First Monday in October

Monday morning marks an annual tradition in this country that few people know about. Because it’s on the first Monday in October that the U.S. Supreme Court reconvenes for the first session of the new court year. This will be the second year that the Court will remain the same; and scholars who study the balance of the Court are advising that the next Justice to leave should be Ruth Bader Ginsburg, although she has repeatedly said that she has no interest in departing from the Court anytime soon.

Even though one would hope that the Court would be above the politics of the Executive and Legislative branches of the government, most people understand that the President and Congress have a large part in determining the conservative or liberal leanings of the court. Of course, each President hopes that he will be able to appoint new justices and therefore leave a legacy of their particular presidency on the bench for years to come.

Aside from the fact that my grandfather was a judge, not on the Supreme Court, I have always had something of an interest in the workings of our judicial system. In fact, back in 1981, a movie was made about the first woman being appointed to the U.S. Supreme Court. It starred Walter Matthau and Jill Clayburgh and was scheduled for release in 1982. Ironically, it was called, “First Monday in October.” However, with the appointment of Sandra Day O’Connor, the first real woman Justice, the release date of the movie had to be moved up. It ended up being released within about a month of the appointment of O’Connor to the Court – that happened on July 7, 1981. I haven’t seen it in quite some time, but I used to love this “behind the scenes” look at the Supreme Court. And the first Monday in October, I always recollect the fond memories I still have of  “Justice” Walter Matthau.

And while our forefathers established a triune method of leadership for the country, with each branch being held accountable by the other two, the U.S. is by no means the originator of this concept of governance with courts and judges.

In fact, Moses was the first person who employed the use of judges to assist him in administering justice to the people of God. It so happened that Moses found increasing amounts of his time were devoted to settling disputes of the people. One day, Moses’s father-in-law, Jethro observed all that Moses was doing, and encouraged him to appoint capable men from across the land to help settle the lesser disagreements. Moses, believing that God was in agreement with Jethro’s suggestion, then proceeded and the land was filled with judges who could settle disputes. The most complicated cases still came before Moses himself and from this concept we find the origins of a Supreme Court. Minor disputes were settled by local judges and it was not necessary for Moses to hear those cases himself.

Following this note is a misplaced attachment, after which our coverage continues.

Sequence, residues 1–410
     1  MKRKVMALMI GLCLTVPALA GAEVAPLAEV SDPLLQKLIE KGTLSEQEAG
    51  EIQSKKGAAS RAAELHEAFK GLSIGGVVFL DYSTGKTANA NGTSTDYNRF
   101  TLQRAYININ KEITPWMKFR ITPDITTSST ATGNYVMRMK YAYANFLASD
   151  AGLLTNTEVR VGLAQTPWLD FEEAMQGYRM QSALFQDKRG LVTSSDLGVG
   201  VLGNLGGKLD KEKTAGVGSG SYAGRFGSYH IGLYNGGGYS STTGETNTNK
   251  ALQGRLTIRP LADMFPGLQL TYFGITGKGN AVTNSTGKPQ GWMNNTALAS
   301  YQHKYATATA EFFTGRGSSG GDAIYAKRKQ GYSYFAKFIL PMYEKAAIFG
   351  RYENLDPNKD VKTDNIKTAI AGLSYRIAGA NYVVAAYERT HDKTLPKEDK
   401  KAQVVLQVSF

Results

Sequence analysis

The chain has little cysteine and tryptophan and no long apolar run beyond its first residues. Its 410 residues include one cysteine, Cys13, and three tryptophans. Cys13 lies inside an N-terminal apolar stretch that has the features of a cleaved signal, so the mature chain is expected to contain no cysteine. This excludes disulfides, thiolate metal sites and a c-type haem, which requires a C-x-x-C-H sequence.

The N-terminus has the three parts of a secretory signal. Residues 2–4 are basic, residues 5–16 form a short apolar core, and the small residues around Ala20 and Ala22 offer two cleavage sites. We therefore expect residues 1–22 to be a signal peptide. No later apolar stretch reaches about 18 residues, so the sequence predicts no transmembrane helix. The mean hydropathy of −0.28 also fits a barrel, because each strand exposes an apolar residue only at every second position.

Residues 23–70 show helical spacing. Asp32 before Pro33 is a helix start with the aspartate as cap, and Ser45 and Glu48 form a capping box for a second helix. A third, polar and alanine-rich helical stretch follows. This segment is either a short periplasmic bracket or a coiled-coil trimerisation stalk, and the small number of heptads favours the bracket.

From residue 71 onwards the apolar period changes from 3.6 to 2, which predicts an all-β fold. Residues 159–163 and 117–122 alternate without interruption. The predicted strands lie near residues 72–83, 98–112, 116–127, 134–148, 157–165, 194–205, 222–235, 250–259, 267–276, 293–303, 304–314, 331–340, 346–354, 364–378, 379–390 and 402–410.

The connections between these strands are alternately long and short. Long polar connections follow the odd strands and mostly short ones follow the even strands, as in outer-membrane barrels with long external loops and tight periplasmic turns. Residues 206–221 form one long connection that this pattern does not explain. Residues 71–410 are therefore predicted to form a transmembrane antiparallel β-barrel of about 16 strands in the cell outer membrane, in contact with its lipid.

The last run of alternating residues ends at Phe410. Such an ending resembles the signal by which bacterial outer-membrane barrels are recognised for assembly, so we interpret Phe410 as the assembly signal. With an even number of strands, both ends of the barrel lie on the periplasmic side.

Like Moses, Justices of our Supreme Court are chosen for life. The idea is that they are less prone to political or commercial persuasion as they serve until they voluntarily retire; or die. So, in honor of judges everywhere, tonight’s verse is from Deut. 25:1, “When men have a dispute, they are to take it to court and the judges will decide the case, acquitting the innocent and condemning the guilty.” Sounds simple, doesn’t it? Well, that’s the way it was supposed to be. The problem today is that God appears to not get as personally involved in our disputes as He used to. And where we have human judges, we will have human errors.

My encouragement this evening is that God has put judges in place to help our leaders govern more effectively and to allow us quicker resolution of our disputes. My prayer is that you will pray for the Justices of the Supreme Court this year; that they may govern wisely and in the spirit of a Christ-like countenance. And, God willing, we can live together in greater harmony, where the necessity of such a Court will no longer be necessary. Grace and peace,

 
 
 
 

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